This is the Sunday for another yummy breakfast, prepared by the United Methodist Men. We’ll hear how polio has almost been stamped out around the world. Another treat: the children’s choir will sing, directed by Tom Shelton. (Yes, these pictures were taken in warmer weather! (Also mark your calendars for February 28, Youth Sunday, when the kids join the Youth Choir to sing at both services.)
Our sermon series for Lent: “I AM”. Each Sunday in Lent, we will examine who Jesus is (the Light of the World, the True Vine, the Good Shepherd, the Way the Truth the Life, and more). As we examine who Jesus is we will reflect on how that informs we who are as Christians.
Polio was a dreaded disease for those who grew up in the ’40s and ’50s, and even in the 1980s the world saw about 1,000 cases a day. Join us for breakfast on Sunday, February 14, at 8 am, when Dr. Julie Ann Juliano speaks how Rotary clubs around the world are fighting to eradicate polio. Sponsored by the United Methodist Men but open to all, the tasty hot breakfast, with all the trimmings, will be in Fellowship Hall. A $5 donation is requested.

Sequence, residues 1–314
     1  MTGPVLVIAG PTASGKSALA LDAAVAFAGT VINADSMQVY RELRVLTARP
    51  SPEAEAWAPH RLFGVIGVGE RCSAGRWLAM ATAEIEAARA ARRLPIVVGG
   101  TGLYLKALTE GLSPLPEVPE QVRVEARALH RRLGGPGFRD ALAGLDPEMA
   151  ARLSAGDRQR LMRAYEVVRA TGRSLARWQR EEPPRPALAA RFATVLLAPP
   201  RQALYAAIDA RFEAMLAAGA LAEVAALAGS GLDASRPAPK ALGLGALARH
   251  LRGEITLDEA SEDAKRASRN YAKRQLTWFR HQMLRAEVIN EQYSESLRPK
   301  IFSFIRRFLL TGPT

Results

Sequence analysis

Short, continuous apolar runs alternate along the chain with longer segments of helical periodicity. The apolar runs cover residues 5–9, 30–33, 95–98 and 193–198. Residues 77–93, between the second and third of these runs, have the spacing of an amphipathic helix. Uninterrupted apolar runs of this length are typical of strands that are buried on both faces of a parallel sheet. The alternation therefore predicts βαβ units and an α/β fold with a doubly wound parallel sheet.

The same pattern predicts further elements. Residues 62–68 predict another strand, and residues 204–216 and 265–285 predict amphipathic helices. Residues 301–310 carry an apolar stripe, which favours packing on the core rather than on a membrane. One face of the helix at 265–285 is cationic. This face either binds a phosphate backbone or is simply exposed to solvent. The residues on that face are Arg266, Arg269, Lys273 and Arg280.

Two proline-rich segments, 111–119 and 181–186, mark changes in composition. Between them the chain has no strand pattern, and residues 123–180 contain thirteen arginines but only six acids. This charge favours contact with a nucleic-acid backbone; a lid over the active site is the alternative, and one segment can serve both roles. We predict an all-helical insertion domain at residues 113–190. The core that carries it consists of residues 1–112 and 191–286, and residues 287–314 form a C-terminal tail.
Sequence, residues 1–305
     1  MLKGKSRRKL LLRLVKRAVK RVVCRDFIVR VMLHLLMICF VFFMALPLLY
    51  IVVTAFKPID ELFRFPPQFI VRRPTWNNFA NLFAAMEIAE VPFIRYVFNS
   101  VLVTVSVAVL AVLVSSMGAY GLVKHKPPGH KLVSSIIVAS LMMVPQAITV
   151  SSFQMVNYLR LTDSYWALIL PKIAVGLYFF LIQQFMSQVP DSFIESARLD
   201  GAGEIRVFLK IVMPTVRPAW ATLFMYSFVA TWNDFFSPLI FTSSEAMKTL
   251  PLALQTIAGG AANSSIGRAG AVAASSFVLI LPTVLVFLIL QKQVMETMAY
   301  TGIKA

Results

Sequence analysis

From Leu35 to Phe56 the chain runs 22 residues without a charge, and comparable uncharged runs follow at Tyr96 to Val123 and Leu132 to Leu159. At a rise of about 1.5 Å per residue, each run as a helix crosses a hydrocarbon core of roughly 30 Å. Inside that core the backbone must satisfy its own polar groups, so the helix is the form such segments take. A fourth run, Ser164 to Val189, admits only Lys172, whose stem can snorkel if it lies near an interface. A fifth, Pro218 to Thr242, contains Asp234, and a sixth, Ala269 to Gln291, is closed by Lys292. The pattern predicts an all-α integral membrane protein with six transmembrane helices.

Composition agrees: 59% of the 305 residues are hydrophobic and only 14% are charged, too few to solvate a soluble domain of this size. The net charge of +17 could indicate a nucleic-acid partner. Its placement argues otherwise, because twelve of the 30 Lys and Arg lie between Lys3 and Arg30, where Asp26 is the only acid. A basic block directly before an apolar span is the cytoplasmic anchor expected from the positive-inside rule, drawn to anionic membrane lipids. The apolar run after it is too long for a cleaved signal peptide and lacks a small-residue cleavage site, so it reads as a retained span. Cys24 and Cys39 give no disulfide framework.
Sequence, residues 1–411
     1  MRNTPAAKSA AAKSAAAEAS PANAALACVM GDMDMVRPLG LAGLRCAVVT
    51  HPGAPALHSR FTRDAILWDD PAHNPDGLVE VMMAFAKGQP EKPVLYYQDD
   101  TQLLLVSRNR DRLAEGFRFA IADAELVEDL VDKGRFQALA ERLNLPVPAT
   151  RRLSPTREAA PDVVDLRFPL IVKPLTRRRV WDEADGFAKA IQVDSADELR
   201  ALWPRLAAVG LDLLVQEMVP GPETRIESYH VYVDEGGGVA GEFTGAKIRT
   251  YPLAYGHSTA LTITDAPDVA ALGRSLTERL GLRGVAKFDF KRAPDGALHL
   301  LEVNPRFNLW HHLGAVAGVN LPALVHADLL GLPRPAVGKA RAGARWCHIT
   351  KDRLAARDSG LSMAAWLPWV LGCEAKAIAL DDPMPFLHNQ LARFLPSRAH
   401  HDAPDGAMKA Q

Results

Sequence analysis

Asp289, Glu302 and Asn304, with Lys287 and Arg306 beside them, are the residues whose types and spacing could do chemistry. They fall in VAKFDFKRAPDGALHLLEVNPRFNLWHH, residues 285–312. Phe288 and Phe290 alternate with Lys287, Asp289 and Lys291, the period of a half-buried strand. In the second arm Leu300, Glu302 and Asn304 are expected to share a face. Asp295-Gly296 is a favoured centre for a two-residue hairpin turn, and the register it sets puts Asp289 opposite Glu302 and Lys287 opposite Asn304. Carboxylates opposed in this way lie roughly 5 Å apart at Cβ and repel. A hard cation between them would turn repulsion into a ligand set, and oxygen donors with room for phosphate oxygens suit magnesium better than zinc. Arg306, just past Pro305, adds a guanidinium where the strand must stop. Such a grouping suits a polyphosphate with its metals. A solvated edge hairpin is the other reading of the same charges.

A native of Queens, Dr. Juliano graduated from New York University and Albert Einstein College of Medicine and did her internship at the RWJ University Hospital (Somerset). Since 1992 she has been active in the Rotary Club of Branchburg and she served as district governor. She and her husband have three daughters, and she was active in Girl Scouts for 13 years . Board certified in family medicine, she has a private practice in Branchburg, New Jersey.
The Rotary Club of Princeton meets on Tuesdays at 12:15 at the Nassau Club; it is part of an interfaith and international organization that has helped immunize more than 2.5 billion children in 122 countries. In 1988 Rotary joined three organizations (WHO, UNICEF, and the U.S. Centers for Disease Control and Prevention) in the Global Polio Eradication Initiative. Now, every dollar is being matched by the Bill & Melinda Gates Foundation. A member of Princeton Rotary, architect and Rotarian Ahmed Azmy went with his wife Nadia to work as part of a vaccination team in Pakistan. The disease is still alive in Pakistan and Afghanistan.